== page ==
A partial digest:
It’s day three of the Biden-Harris administration.
We may be approaching a serious inflection point in the markets. In the United States,
Initial jobless claims remain extremely elevated (see more below).
The health crisis marches on. Not all people can work or go about their lives if they’re falling ill. Variants and a sluggish vaccine rollout will make a difficult task of gaining the upper hand.
Chapter 11 company bankruptcies were higher in 2020 than in all previous years since 2012, in spite of record support, according to the American Bankruptcy Institute. Corporations, among them zombies, have only borrowed more over the last year. This increases the likelihood that “restructurings” will continue into 2021, since we will not resume the exact path we were on prior to the pandemic. Even if bankruptcy restructuring is not the outcome for most, corporate revenue streams will be under ever more pressure as companies seek to keep creditors happy and show profits.
Personal bankruptcies are being held in check by forbearance, a relationship which cannot last forever.
Every stimulus attempt is shaping up to be a partisan grind. Other parts of the world, including the eurozone, suffer no such compunction about free flowing aid or delusions about its necessity. It is irresponsible at best, and maliciously self-serving at worst, to prioritize serving the owners of capital with labor instead of checks to households while SARS-CoV-2 continues to run amok.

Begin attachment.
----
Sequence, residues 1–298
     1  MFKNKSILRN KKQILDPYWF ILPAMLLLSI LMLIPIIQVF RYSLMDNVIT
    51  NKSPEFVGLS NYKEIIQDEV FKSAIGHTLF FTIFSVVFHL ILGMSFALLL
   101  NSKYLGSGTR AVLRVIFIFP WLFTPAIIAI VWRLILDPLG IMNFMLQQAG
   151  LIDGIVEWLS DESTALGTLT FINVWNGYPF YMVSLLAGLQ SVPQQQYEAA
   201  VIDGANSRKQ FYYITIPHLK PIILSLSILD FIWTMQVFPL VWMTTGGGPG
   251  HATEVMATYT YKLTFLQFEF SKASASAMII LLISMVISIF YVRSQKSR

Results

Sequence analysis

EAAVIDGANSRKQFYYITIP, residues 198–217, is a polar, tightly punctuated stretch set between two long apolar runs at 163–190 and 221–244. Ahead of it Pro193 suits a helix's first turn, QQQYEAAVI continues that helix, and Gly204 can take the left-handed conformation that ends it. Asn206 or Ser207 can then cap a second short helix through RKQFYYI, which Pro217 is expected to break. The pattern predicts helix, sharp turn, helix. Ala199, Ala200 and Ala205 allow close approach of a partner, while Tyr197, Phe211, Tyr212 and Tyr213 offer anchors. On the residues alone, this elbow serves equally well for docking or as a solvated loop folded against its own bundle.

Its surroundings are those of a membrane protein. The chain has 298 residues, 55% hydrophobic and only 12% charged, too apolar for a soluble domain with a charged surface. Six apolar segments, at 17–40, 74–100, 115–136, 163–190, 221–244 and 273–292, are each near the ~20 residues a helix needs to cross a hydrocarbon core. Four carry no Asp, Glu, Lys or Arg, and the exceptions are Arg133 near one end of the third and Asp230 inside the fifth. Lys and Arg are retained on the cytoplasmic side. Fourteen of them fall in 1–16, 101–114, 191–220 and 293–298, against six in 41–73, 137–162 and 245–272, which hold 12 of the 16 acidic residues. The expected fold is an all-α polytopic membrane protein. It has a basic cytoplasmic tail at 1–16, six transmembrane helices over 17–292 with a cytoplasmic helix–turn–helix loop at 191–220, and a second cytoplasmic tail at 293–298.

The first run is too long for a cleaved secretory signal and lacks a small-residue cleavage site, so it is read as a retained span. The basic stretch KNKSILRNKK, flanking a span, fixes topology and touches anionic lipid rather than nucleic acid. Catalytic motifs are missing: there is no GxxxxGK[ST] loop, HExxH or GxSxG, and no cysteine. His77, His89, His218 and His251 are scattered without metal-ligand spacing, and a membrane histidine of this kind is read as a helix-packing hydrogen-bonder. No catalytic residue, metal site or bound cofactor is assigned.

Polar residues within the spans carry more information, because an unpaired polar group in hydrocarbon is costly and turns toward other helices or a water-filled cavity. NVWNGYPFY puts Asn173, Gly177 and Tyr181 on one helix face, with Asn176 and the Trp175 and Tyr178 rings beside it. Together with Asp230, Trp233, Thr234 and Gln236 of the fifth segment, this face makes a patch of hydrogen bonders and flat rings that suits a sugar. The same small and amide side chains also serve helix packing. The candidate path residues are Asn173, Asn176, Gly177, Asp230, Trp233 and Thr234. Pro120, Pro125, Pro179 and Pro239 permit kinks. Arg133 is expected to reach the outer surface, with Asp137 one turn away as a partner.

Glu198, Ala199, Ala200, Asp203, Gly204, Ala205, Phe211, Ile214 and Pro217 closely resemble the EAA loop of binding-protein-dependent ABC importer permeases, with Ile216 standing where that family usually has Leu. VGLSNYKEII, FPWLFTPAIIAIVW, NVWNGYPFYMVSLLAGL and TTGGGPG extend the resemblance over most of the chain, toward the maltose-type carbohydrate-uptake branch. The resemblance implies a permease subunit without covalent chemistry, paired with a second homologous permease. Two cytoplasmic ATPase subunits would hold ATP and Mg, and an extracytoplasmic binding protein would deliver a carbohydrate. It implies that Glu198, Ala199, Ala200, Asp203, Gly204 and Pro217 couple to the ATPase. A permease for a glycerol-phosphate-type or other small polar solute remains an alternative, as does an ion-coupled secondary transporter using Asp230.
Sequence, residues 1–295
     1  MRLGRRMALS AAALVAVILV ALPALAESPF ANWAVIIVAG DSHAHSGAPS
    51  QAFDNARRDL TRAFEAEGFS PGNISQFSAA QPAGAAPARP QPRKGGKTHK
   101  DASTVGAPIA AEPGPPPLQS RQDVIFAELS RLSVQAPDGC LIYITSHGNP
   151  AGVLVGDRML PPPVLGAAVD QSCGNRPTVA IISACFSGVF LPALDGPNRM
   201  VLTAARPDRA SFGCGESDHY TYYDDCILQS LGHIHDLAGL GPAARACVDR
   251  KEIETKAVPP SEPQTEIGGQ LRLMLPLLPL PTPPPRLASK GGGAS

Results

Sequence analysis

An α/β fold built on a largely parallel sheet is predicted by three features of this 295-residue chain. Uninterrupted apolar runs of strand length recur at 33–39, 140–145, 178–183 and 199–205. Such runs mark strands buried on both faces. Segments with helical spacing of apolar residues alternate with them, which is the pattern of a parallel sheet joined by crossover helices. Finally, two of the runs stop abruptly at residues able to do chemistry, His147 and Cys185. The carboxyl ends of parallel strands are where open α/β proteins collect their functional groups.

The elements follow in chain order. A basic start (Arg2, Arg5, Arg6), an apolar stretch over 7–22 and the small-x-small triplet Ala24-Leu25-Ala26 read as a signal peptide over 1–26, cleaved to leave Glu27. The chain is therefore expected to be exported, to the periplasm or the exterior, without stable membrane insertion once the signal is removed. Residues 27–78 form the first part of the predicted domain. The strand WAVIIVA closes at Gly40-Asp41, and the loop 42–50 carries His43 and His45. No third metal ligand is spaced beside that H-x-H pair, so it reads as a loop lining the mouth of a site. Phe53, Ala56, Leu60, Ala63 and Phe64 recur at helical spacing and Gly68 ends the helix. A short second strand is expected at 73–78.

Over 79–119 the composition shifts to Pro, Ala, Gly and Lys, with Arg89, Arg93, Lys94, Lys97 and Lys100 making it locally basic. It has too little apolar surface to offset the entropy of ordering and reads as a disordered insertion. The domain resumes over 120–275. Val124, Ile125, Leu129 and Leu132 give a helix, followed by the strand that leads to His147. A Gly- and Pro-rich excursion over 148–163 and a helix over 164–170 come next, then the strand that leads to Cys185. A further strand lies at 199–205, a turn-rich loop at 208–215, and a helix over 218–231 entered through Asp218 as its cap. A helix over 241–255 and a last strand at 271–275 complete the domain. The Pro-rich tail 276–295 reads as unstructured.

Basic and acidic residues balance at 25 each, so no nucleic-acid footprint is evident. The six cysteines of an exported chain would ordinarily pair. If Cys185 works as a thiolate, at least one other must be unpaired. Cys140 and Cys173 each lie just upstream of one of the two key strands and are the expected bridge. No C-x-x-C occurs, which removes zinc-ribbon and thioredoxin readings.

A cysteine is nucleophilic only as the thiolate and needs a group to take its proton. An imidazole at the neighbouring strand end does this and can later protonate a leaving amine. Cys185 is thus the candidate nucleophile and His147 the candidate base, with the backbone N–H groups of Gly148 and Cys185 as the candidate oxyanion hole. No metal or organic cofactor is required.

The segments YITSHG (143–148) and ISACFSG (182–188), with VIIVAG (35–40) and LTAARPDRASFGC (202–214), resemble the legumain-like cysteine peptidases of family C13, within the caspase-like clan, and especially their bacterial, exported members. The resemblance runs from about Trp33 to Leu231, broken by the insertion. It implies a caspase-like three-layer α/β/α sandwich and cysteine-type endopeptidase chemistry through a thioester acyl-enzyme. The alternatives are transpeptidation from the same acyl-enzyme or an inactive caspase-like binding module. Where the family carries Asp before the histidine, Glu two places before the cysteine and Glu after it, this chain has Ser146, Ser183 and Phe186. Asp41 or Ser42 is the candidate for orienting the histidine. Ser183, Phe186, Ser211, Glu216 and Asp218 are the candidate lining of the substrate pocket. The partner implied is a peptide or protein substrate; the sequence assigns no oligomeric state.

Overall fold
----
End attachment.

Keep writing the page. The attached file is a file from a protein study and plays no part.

The forces of job destruction and creation are at work. Not all job seekers have the training or experience at hand to keep up with the changes that are rapidly occurring throughout the entirety of the economy.
Biden revoked a key permit on his first day that would have allowed the Keystone XL pipeline project to continue. The gauntlet is being thrown, and Biden did not mince words:
Biden, in an executive order signed hours after he took office, argued that the pipeline is contrary to U.S. national interests.
“The United States and the world face a climate crisis. That crisis must be met with action on a scale and at a speed commensurate with the need to avoid setting the world on a dangerous, potentially catastrophic, climate trajectory,” Biden said in the order.
“Leaving the Keystone XL pipeline permit in place would not be consistent with my Administration's economic and climate imperatives,” he added.¹
TC Energy, the company responsible for the pipeline, will lay people off and suspend operations effective immediately.
It remains the opinion here that the sun is setting on the oil industry, though further stimulus and supply shocks from reduced production may cause near-term spikes in price.
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Concern persists over yields, inflation, and how stimulus measures are going to be paid for. Some observers appear convinced that the Federal Reserve is in over its head. As if the Fed isn't monitoring the situation, or engaged in asset purchase programs. These observers would also seem to forget that the Fed has deliberately implemented a policy shift of targeting higher average inflation rates and is preparing for that. As always, there is a group of onlookers who may never be content to let the Fed do its job and see its policies through.